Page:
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VOL. 126 | NO. 25 | Monday, February 7, 2011

Bridge to Everywhere

New Mississippi River span integral to keeping city competitive

JEFF IRELAND | Special to The Daily News

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In four years, there could be a location in the Memphis area designated for the construction of a new intermodal bridge spanning the Mississippi River.

Trucks cross the old bridge across the Mississippi River. (Photo: Lance Murphey)

Exactly when construction would begin and how it would be funded are matters to be determined later.

But for now, the Tennessee Department of Transportation is spearheading an environmental impact study to determine an appropriate location. The target date for its completion is 2015.

Once that is completed, officials hope things will move forward quickly toward the reality of a new bridge.

Transportation agencies in Arkansas and Mississippi, as well as the Memphis Metropolitan Planning Organization, the West Memphis Metropolitan Planning Organization and the Federal Highway Administration, are also involved in the project, which has been dubbed the Southern Gateway.

There are many reasons a new bridge is needed.

“This is not only a regional issue, but a national one,” said Arnold Perl, an attorney who serves as secretary and general counsel for the Greater Memphis Chamber.

Perl, also chair of the chamber’s Regional Logistics Council and the Memphis-Shelby County Airport Authority, said that a recent study concluded that if something happened to either the Hernando DeSoto (I-40) or Memphis-Arkansas (I-55) bridges, the economic impact on the nation would be between $11 billion and $15 billion a year.

Building a replacement bridge would take years, meaning the impact on Memphis and the country would be enormous because cargo wouldn’t be able to move across the Mississippi River along a key east-west transportation route.

Dexter Muller, senior vice president for community development at the Greater Memphis Chamber, said Memphis is the third-busiest truck and railroad corridor in the nation.

“If something was to happen, be it seismic or terrorist, you could not reroute that traffic,” Muller said. “You can see now that when any kind of repairs have to be done on one of the bridges, trucks are backed up for miles.”

Glenn Bolik, a spokesperson for the Arkansas State Highway and Transportation Department, said people from Arkansas who make the commute to Memphis on a daily basis realized there is a need for a new bridge.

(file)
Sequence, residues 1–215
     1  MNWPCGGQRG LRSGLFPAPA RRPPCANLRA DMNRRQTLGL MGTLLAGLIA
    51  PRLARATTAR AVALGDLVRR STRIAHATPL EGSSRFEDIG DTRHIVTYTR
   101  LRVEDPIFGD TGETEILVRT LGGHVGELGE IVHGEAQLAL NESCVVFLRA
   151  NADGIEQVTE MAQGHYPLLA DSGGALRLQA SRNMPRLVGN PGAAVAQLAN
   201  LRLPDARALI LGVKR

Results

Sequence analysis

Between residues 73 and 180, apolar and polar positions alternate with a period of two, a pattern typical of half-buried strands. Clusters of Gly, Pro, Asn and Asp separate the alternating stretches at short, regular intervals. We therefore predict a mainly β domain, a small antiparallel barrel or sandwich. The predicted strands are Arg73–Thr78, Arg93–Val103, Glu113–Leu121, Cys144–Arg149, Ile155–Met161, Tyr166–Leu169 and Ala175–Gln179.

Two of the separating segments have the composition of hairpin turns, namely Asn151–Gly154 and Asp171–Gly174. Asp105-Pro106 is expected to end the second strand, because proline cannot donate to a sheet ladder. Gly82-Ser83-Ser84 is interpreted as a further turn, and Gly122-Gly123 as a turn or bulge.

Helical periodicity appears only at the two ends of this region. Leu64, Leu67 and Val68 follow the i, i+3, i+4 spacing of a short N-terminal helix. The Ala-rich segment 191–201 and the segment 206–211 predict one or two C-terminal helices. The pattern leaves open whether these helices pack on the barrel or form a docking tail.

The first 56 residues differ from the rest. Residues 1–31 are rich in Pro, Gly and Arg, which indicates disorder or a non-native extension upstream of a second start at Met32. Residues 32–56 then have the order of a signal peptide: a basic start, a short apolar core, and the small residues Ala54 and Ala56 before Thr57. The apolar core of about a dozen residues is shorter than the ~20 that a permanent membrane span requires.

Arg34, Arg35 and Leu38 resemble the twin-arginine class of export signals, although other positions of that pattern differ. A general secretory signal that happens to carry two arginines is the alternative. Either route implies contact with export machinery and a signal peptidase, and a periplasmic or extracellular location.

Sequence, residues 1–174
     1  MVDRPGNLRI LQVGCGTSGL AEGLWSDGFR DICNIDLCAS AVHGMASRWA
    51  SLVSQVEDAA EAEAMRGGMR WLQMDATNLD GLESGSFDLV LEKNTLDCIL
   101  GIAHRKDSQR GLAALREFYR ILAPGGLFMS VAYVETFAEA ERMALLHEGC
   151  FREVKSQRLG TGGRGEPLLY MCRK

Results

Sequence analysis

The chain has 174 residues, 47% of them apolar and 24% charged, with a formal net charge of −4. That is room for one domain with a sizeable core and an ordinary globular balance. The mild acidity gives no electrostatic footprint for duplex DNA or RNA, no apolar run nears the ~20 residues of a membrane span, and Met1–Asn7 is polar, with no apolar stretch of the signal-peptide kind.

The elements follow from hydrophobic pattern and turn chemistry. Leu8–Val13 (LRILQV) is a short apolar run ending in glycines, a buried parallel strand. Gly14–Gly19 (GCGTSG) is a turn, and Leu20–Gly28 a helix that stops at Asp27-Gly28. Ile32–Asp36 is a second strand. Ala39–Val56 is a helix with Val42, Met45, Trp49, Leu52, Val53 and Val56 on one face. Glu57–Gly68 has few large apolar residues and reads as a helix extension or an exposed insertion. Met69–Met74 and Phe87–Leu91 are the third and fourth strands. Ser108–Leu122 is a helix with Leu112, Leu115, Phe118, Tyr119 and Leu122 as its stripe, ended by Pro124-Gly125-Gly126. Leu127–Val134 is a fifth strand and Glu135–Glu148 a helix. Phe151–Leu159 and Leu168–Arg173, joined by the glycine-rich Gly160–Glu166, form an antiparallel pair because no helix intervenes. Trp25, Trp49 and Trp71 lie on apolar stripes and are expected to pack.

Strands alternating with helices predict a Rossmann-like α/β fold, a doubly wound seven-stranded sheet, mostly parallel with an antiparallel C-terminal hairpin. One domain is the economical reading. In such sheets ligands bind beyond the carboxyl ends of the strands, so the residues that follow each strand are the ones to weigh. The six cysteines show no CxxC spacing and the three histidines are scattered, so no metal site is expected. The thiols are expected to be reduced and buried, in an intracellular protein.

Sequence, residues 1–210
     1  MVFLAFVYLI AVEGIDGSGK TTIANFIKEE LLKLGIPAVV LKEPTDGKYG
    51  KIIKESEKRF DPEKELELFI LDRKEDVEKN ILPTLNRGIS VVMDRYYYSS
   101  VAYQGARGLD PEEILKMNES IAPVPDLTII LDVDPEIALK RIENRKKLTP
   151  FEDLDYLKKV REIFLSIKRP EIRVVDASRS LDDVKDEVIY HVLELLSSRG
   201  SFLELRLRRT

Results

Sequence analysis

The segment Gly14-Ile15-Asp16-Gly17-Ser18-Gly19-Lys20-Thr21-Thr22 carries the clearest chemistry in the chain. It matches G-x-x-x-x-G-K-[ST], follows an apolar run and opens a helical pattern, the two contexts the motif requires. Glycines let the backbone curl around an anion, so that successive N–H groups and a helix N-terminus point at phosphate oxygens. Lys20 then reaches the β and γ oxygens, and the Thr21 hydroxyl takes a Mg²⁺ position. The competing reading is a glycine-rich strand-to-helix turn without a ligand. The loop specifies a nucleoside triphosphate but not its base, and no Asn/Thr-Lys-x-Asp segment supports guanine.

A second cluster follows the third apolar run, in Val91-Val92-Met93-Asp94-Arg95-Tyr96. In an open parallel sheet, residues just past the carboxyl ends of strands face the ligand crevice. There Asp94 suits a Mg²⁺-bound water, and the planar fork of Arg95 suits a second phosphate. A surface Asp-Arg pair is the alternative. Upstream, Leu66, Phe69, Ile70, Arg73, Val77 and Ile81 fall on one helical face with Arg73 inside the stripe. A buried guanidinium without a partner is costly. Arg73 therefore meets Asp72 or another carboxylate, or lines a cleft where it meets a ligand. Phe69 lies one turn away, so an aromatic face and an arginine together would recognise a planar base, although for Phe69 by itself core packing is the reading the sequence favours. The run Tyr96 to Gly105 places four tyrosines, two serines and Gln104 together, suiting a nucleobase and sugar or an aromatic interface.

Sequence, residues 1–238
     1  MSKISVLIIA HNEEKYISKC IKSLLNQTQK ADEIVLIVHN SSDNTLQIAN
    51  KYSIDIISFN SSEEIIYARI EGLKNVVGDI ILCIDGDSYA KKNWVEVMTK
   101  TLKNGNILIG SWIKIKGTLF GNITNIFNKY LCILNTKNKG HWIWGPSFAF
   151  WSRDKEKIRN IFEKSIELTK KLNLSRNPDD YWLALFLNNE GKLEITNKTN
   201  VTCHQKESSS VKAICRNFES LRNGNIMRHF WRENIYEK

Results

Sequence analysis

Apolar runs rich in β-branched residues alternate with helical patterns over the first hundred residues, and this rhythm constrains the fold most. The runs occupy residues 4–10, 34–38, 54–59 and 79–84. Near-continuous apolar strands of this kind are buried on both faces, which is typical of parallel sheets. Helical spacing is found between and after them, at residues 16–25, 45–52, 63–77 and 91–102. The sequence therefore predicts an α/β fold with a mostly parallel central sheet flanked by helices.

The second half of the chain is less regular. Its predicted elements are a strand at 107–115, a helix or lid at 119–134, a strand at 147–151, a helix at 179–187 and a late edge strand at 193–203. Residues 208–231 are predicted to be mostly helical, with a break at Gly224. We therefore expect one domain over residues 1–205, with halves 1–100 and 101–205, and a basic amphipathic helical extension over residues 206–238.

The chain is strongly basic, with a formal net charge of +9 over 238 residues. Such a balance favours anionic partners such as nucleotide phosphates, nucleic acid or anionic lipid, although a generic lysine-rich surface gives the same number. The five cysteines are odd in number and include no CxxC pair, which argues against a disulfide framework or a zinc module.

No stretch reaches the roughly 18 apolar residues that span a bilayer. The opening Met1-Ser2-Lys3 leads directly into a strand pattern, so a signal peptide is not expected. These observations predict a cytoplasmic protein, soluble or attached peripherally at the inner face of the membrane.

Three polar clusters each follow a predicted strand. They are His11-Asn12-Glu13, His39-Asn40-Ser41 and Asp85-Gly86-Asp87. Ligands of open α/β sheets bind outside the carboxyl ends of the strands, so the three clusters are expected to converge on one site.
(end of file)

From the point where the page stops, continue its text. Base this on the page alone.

“The people who drive that area, I-55 and I-40, know it’s one of the heaviest exchanges in the area,” Bolik said. “A new option would certainly benefit everybody.”

The new bridge would be built to withstand an earthquake, something the Hernando DeSoto Bridge, built in 1973, and the Memphis-Arkansas Bridge, constructed in 1949, are not as equipped to handle. However, crews have been working on seismic retrofitting of the Hernando DeSoto Bridge.

The plan is also to explore the possibility of including a freight and passenger railroad, as well as means for pedestrians and bicyclists to utilize the bridge.

“The old bridge is, literally, old,” Perl said. “Neither (the old or new) bridge has the combination of road and rail. We need to streamline the process so we can grow the aerotropolis.”

The aerotropolis initiative focuses on promoting the region’s transportation assets, centered on Memphis International Airport as the economic engine.

TDOT officials are looking at an area between North Shelby County near Millington and I-69 in West DeSoto County, meaning it’s possible the bridge would not be located in Memphis, or even Tennessee.

After the environmental study is completed and a location is determined, TDOT or the Mississippi Department of Transportation, as well as the Arkansas State Highway and Transportation Department, would get involved in the design, right of way and construction phases.

Whichever state gets the bridge would be involved in funding the project, something that is always a concern, particularly in today’s economic climate.

“With the way the economy is, everybody’s looking for dollars,” said Steve Chipman, the TDOT project manager for the Southern Gateway. “Part of the task is figuring out a way to fund it. That’s a big part of the project.”

Chipman said the idea of using a toll system for the bridge is being considered, as well as possibly partnering with a private company.

Public meetings, hearings, workshops and presentations are being planned by the agencies involved in the project. A website, southerngatewayproject.com, has been established that allows citizens to learn about the project and make comments and suggestions.

Meanwhile, community leaders like Muller and Perl will continue to push for something that would certainly have an enormous impact on the area.

“We need this bridge,” Muller said, “sooner rather than later.”

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